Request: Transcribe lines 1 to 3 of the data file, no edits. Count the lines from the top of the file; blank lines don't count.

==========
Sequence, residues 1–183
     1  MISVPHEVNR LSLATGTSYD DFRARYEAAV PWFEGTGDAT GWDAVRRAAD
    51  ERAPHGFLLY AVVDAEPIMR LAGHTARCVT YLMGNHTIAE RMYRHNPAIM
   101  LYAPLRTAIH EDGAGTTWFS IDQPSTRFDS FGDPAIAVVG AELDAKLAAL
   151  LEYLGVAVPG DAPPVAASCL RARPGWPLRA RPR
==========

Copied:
Sequence, residues 1–183
     1  MISVPHEVNR LSLATGTSYD DFRARYEAAV PWFEGTGDAT GWDAVRRAAD
    51  ERAPHGFLLY AVVDAEPIMR LAGHTARCVT YLMGNHTIAE RMYRHNPAIM